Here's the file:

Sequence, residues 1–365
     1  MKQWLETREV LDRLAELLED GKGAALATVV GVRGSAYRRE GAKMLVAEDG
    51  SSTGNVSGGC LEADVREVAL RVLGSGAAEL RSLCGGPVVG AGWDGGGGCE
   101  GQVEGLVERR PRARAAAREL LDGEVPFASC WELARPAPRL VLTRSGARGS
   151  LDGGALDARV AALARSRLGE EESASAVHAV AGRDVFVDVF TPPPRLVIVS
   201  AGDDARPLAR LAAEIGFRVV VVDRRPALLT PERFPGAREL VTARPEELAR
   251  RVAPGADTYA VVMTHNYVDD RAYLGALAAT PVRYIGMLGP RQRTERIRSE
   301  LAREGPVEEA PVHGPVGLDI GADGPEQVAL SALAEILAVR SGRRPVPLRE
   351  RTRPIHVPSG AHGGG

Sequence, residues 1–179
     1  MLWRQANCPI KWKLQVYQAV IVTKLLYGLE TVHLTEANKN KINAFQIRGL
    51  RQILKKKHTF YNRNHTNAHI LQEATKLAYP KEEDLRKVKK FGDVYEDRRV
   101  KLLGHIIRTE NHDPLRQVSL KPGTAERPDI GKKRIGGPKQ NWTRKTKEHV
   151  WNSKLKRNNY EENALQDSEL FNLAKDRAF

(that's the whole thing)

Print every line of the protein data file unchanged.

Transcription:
Sequence, residues 1–365
     1  MKQWLETREV LDRLAELLED GKGAALATVV GVRGSAYRRE GAKMLVAEDG
    51  SSTGNVSGGC LEADVREVAL RVLGSGAAEL RSLCGGPVVG AGWDGGGGCE
   101  GQVEGLVERR PRARAAAREL LDGEVPFASC WELARPAPRL VLTRSGARGS
   151  LDGGALDARV AALARSRLGE EESASAVHAV AGRDVFVDVF TPPPRLVIVS
   201  AGDDARPLAR LAAEIGFRVV VVDRRPALLT PERFPGAREL VTARPEELAR
   251  RVAPGADTYA VVMTHNYVDD RAYLGALAAT PVRYIGMLGP RQRTERIRSE
   301  LAREGPVEEA PVHGPVGLDI GADGPEQVAL SALAEILAVR SGRRPVPLRE
   351  RTRPIHVPSG AHGGG

Sequence, residues 1–179
     1  MLWRQANCPI KWKLQVYQAV IVTKLLYGLE TVHLTEANKN KINAFQIRGL
    51  RQILKKKHTF YNRNHTNAHI LQEATKLAYP KEEDLRKVKK FGDVYEDRRV
   101  KLLGHIIRTE NHDPLRQVSL KPGTAERPDI GKKRIGGPKQ NWTRKTKEHV
   151  WNSKLKRNNY EENALQDSEL FNLAKDRAF